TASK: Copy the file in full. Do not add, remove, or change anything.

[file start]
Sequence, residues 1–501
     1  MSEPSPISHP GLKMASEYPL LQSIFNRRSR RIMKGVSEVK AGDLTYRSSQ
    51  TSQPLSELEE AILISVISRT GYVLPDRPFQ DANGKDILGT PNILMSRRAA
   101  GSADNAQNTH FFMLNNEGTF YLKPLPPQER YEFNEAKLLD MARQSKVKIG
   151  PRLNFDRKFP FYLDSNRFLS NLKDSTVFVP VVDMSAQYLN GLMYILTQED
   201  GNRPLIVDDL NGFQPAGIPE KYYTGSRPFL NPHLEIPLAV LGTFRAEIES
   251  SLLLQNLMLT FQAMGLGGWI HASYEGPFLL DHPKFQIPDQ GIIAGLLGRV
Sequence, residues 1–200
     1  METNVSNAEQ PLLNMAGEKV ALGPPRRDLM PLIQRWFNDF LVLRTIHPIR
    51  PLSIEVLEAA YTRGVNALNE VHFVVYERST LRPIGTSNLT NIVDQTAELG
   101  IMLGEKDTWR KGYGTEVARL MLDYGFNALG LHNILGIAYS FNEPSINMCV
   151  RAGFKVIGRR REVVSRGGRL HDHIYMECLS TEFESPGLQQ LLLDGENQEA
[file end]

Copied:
Sequence, residues 1–501
     1  MSEPSPISHP GLKMASEYPL LQSIFNRRSR RIMKGVSEVK AGDLTYRSSQ
    51  TSQPLSELEE AILISVISRT GYVLPDRPFQ DANGKDILGT PNILMSRRAA
   101  GSADNAQNTH FFMLNNEGTF YLKPLPPQER YEFNEAKLLD MARQSKVKIG
   151  PRLNFDRKFP FYLDSNRFLS NLKDSTVFVP VVDMSAQYLN GLMYILTQED
   201  GNRPLIVDDL NGFQPAGIPE KYYTGSRPFL NPHLEIPLAV LGTFRAEIES
   251  SLLLQNLMLT FQAMGLGGWI HASYEGPFLL DHPKFQIPDQ GIIAGLLGRV
Sequence, residues 1–200
     1  METNVSNAEQ PLLNMAGEKV ALGPPRRDLM PLIQRWFNDF LVLRTIHPIR
    51  PLSIEVLEAA YTRGVNALNE VHFVVYERST LRPIGTSNLT NIVDQTAELG
   101  IMLGEKDTWR KGYGTEVARL MLDYGFNALG LHNILGIAYS FNEPSINMCV
   151  RAGFKVIGRR REVVSRGGRL HDHIYMECLS TEFESPGLQQ LLLDGENQEA